The Baltic Notebooks of Anthony Blunt
Autumn Calendar: Own Observations, Jalal Toufic and Will Holder
For the toilets, blame Žižek
When I returned to my apartment after discussions on November 20 (...), it was already there waiting for me….the TARDIS (Time And Relative Dimension(s) In Space), or the Doctor Who policeman really knew whom to pay a visit. I and my nearly virtual friend who lives in Miami had been sketching trailers concerning J.K. all morning when I said, “what a remarkable person she was”, and my friend paused in hesitation, “Jėzus Kristus?” “J.K. Rowling…” I answered. At that time I had this idea of an inclined space with scribbles from Jalal Toufic‘s dying lecture of November 6[*]
November 6, 2009: The third day of bi-weeky workshop series “3 Uses of the Knife”, with participation of Will Holder (who presented a 2 hour programme of artists’ works twice) and Jalal Toufic (who gave a talk and answered questions via Skype in the beginning of the afternoon session). For more information see
, but I did not have his book yet, so I visited the hyper real desktop / toilet of Rowling. You know that feeling? You are staring at some shirt button that lies amidst paper clips on the table, and there is a painting hanging on the wall. Hyper-reality straightens it all out.
After Kant, or after I had read Kant’s “Religion within the Bounds of Bare Reason”, the church and the toilet had become blended into one symbolic space for “purification”, “renewal” and “return of memory”. Shitting and rituals differ as much as they appear to at first glance, and the rest is hours of light and tidiness. But the main drama of religion happens not in the church but in the writer’s bathroom. I mean the time, when (as Roland Barthes puts it) the specific identity of the writer becomes separate from that of the author. A text has as much time as its author devotes to it. When it’s over, it’s time for explaining why it was written, what was written before, etc. This continues until the author’s physical death, and later (as was also the case before the author’s death) truthful reading is mediated through method (hermeneutics, psychoanalysis, etc.).
In November 6 Jalal Toufic sought to explain how to reach that moment when a crystal-clear result emerges from the retort of writing (even if a thousand years have passed since its inscription). The problem is that historical thinking naturalises time as a neutral net, turning it into a field of strategy games. Even upon reaching that square of time (having read the writer’s biography, commentaries by his or her contemporaries and critics, having learned the language of the time, etc.) you cannot be sure that someone of a divine nature (say, the Queen of Hearts or the head of the USSR Palace of Books) has not replaced it with another. Or (this might strike you as even more surprising) that you’ve been playing the right game. This is where Jacques Derrida seems to tame the enthusiasm of the phenomenology of time: if the A present, B present and C present (where A is the past, B is the present and C is the future) share the same modus of time, how do I know that B is B and C is not A? Time is not a matter of experience, but of agreement, implying also fraud.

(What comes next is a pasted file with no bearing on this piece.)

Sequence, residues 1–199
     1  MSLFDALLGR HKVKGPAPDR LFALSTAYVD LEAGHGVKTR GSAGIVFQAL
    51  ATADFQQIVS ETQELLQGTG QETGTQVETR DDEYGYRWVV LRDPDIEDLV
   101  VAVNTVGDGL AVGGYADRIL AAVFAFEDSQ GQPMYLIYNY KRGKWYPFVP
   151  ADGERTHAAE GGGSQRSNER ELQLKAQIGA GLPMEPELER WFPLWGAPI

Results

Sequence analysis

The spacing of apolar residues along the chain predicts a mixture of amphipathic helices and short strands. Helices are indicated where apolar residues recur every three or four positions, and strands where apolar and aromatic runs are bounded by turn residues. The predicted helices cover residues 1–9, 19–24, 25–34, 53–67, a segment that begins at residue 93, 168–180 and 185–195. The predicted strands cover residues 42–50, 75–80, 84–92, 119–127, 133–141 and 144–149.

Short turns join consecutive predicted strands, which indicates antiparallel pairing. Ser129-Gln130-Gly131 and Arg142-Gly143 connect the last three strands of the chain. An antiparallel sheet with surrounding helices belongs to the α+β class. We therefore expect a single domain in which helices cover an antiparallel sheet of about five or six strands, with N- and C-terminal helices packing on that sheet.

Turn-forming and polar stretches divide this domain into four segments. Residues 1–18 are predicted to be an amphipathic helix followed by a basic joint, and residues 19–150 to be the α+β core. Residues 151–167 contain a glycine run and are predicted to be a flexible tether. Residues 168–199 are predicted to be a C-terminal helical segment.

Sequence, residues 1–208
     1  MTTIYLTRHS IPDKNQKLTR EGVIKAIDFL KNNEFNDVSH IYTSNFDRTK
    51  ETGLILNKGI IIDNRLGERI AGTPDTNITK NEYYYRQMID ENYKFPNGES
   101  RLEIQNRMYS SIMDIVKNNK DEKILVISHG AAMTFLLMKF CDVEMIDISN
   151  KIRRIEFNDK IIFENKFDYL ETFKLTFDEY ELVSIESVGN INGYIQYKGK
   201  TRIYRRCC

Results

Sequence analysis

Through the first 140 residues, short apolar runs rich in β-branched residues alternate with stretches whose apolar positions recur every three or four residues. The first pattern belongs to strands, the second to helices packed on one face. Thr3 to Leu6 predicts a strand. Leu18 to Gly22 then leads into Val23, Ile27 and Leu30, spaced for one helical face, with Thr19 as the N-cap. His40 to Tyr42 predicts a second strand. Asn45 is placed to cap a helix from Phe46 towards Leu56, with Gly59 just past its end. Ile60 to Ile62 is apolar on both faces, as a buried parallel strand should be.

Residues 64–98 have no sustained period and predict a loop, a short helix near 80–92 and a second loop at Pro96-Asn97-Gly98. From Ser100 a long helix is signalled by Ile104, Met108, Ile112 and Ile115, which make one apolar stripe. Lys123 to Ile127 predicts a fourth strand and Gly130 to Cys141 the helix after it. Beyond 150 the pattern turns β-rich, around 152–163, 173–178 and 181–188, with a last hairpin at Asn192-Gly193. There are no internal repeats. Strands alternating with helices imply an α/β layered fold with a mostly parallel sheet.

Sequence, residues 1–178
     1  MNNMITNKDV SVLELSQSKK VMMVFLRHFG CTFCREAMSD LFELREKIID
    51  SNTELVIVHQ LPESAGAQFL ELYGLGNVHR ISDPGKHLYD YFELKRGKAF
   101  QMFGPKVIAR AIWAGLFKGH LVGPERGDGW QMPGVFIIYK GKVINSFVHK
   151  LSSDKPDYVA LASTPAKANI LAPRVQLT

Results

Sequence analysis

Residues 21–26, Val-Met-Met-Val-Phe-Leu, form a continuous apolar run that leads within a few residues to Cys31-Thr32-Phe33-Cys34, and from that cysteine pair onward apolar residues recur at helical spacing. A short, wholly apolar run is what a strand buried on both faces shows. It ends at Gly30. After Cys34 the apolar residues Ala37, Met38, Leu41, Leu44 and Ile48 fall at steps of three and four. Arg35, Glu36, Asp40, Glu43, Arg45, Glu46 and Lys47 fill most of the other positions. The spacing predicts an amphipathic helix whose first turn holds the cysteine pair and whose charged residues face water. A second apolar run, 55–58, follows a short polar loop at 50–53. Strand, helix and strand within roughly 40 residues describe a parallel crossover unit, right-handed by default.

Small insert with a visit to Gintaras Didžiapetris’ exhibition Exhibitions
I imagine such a tendency: as soon as I catch a glimpse of an object it falls into my perception. One does not see the box itself, but everything that is written on it functions as an index of what is seen: “vase”, “porcelain”, “fragile”, “19th century”, “valuable” (wtf??). Then I say, “those shipments from outer space (again outer space) are wearing me out”. “I leave it”. “I need to read a whole lot more before I start appreciating vases like this.” An art professional comes in. They are served by the ccccc – prestigious transportation company. Words take up space, and so the number of indexes is proportional to the size of the shipment. On September 22[*]
September 22, 2009 – refers to the review of Exhibitions by Neringa Černiauskaitė published on this date in,
we read about and watch a giant box (with a vase inside) being dropped down from a cliff, and on October 2[*]
October 2, 2009 - refers to the review of Exhibitions by Eglė Mikalajūnaitė, published on this date in 7 meno dienos,
the same vase stands in a museum space that is only known to Eglė Mikalajūnaitė. The exhibition Exhibitions by Didžiapetris closed on September 30.
Somewhere in Lebanon, in Jalal Toufic’s apartment, lies a death certificate – “I, J.T., declare that I am dead. This has to be taken into account with reference to everything I say henceforth.” The document is a unique antipode of the will. Here, death is the fact, and estate is the possibility. For a good reason we forget that every story begins with someone’s death. Consider, for instance, this conversation from True Romance (Tony Scott, 1993): “This is Drexl’s coke?” – “No, Drexl’s dead, you see. It’s Clarence’s coke.” “And Clarence, he can do whatever he wants with it.” Just like “money”, “St. Grail” or “cocaine”, the text provides the reader with a freedom that is proportional to his/her success at releasing the text from its past. If you release it completely, it becomes a cont(r)act for a new (life), where the text writes your new story with your own hand.